The Pro Europeans’ communications challenge

Driving home late last night after a two day visit with my German colleagues I listened with interest and a sense of déjà vu to news reports of the launch of The Centre for European Influence, the latest Pro Europe cross-party campaign group.

Déjà vu because about fifteen years ago I was involved in a similar exercise, with almost the same cast of characters.

That was called Britain in Europe, which I helped create. There was Tory warhorse Ken Clarke, my old friend, mentor and former boss Peter Mandelson and Danny Alexander, now a top cabinet minister but back then BiE’s press officer. The mission was slightly different then – make the case for Europe AND the European Single Currency – but the thrust was the same; make the positive case for Britain’s active role in Europe, because nobody else was.

Listening to Ken Clarke on The Today Programme this morning, his interview went to the heart of the Pro Europeans’ political and PR problem. Despite the fact that a referendum is a people’s vote, rather than a politicians’, most of the interview focussed on how many MPs actually wanted Britain out of the EU and the prospects for a Tory split. Clarke was sniffy about referenda vs what he saw as the superior form of parliamentary democracy and skirted around the fact that his own leader actually put the case and commitment to an “in-out” vote. (Literary footnote – “in-out” is how A Clockwork Orange’s anti-hero Alex refers to sex.)

The Pro-European side has always looked like a conspiracy of the political, business and social elite against the populist many. On its first outing, it still does. At its launch BiE was fronted by big characters – Clarke, Howe, Heseltine, Mandelson, FTSE 100 chairmen and CEOs. A leading light today is top City spinner Roland Rudd. Ordinary folk, community leaders, were harder to find and engage.

The arguments were difficult too. I remember watching polling research presentations on how our arguments were complex and often about benefits that were seemingly distant from ordinary people’s lives, whereas the anti’s just wrapped themselves in the flag, told jokes about bent bananas and chanted “Save the £”.

A referendum will be a public vote, in the wake of a debate that will be led by opposing political camps and tabloid media yelling. Indeed the public are so off the  political class right now, any hint of this being about political elites vs the masses will be counter productive for all sides.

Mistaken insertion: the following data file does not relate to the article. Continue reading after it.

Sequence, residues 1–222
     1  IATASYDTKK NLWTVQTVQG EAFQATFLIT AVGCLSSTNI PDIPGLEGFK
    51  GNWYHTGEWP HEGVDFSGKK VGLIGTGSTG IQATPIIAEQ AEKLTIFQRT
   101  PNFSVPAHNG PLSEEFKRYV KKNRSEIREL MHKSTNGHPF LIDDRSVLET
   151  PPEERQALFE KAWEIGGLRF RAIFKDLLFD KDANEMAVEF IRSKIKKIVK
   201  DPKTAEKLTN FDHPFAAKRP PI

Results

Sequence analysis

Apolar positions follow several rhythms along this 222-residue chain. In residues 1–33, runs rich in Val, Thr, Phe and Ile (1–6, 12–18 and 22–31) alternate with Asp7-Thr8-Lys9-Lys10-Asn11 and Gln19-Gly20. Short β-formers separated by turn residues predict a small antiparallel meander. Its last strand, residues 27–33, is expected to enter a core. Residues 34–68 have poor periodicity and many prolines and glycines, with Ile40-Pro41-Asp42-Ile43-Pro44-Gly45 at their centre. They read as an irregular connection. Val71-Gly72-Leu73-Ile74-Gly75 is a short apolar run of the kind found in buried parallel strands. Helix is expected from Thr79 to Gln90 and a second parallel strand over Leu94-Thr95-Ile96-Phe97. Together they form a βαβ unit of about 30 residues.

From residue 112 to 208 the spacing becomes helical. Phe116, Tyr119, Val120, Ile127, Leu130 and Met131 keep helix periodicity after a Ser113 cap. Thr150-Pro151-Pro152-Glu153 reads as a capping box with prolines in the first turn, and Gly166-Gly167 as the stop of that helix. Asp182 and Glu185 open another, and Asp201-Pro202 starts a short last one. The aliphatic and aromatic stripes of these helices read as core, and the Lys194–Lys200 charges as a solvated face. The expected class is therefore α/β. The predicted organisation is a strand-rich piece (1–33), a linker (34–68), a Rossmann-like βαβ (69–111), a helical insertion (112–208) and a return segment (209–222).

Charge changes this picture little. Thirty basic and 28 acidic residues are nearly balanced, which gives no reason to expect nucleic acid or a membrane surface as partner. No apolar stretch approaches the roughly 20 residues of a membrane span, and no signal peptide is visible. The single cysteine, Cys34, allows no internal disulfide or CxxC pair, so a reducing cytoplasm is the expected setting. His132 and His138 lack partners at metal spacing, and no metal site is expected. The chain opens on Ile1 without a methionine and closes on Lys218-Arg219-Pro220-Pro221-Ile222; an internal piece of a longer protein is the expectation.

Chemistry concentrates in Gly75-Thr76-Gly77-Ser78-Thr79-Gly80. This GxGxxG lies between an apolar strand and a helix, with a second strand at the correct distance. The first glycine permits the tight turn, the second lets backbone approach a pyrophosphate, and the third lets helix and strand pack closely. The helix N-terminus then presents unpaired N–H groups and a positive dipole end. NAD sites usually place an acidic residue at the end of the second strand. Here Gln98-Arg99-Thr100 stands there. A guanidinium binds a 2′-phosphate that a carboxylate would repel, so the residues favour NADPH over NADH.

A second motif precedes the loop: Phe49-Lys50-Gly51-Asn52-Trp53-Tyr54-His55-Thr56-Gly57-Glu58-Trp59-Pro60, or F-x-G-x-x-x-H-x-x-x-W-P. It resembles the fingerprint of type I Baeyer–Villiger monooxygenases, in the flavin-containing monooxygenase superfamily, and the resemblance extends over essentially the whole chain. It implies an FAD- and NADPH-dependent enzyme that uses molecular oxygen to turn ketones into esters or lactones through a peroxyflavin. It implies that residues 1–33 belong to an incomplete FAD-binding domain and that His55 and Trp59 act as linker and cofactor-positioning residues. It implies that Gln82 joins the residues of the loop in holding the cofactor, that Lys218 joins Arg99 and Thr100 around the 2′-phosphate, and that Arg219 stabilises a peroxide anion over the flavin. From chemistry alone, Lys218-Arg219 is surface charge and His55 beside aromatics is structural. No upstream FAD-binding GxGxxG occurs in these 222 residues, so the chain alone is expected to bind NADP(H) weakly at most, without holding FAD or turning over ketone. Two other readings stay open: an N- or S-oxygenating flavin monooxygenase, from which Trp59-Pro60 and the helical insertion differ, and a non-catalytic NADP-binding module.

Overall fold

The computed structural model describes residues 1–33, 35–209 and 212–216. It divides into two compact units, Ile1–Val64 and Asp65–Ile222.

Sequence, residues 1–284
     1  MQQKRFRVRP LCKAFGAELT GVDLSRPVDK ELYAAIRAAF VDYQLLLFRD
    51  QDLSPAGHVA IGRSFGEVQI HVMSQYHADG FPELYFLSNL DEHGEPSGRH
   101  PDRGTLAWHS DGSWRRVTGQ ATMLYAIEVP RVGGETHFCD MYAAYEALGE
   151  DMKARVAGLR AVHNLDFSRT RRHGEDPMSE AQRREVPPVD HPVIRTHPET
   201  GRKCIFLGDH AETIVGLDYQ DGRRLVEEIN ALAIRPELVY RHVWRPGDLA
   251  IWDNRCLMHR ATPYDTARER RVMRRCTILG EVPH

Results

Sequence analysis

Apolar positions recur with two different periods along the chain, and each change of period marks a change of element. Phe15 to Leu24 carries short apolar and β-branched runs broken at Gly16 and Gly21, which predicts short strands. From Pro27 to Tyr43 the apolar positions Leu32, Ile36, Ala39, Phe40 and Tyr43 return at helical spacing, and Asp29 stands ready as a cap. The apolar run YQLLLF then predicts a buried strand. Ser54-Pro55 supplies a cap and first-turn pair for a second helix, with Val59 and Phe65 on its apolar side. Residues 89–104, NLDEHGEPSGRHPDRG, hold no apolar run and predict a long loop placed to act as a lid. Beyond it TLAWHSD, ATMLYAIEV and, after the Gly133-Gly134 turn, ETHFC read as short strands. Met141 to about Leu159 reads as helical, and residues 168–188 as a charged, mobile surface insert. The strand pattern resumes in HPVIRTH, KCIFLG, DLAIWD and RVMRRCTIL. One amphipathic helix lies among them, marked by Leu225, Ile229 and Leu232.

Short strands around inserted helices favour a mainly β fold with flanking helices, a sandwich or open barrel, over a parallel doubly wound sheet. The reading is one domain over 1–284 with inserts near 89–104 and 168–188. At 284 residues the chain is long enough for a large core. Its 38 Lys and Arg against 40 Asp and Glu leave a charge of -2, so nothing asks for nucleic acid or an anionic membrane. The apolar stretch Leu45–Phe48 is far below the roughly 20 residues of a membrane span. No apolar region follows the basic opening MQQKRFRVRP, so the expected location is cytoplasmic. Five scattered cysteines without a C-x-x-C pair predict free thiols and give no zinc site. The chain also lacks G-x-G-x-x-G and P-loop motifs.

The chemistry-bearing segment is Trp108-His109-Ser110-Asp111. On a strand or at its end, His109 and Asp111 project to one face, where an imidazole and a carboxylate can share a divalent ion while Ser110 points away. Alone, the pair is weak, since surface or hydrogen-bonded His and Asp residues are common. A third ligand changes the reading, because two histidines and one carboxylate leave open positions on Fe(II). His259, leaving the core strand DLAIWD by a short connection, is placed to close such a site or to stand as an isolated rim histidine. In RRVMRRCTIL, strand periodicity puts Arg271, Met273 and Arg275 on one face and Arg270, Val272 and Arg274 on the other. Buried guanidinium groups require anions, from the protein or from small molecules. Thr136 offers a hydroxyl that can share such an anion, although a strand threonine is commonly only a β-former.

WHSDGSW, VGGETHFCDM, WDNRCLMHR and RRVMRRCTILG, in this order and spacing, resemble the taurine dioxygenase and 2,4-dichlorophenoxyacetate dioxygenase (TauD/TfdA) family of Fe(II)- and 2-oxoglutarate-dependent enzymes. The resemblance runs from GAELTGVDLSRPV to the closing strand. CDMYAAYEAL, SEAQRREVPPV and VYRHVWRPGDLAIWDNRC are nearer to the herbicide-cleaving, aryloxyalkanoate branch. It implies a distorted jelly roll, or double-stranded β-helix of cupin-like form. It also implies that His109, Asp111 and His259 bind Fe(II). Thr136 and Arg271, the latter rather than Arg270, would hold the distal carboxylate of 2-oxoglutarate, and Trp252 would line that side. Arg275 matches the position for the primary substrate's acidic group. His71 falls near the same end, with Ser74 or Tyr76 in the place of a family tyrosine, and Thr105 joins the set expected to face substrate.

I am a passionate European. I love European culture and creativity, not to mention the food and red wine. Half the business I run is on continental Europe. Many of our clients run EMEA regions of European and American firms. Like  many Brits I would love an economy like Germany’s over here right now (FT headline yesterday – German consumer confidence rises). I believe we should play a strong role in Europe, for a range of reasons including it is good for business and its UK employees.

But referenda tend to be simple affairs (look at the slimmed down Scottish independence question) and the public are an independent lot, much to the dismay I suspect of Ken Clarke.

UKIP’s current 15 minutes of fame (though if the referendum goes wrong for the Pro European’s and potentially the PM, their fame might be considerably more than 15 minutes) , the main driver behind the Tory leadership’s new stance, is based partly on the mid-term need for a protest vote vehicle, but mainly that they tap into a recession weary public’s negative emotions on Europe and that twin political hot potato immigration (witness today’s headlines on Polish now being Britain’s second language).

The Pro Europeans have a real communications challenge. Complex arguments vs negative populist sentiment. Media focus for years on the negatives of EU  regulations vs positive arguments about influence and business. Concern at high unemployment and immigration from an expanded Eurozone. A potential tsunami of hostile tabloid campaigning. The image of political and business mates vs the emotional appeal of those claiming to speak for the little people and small business.

The Pro Europeans are right to start campaigning early. But the train has already felt the station.

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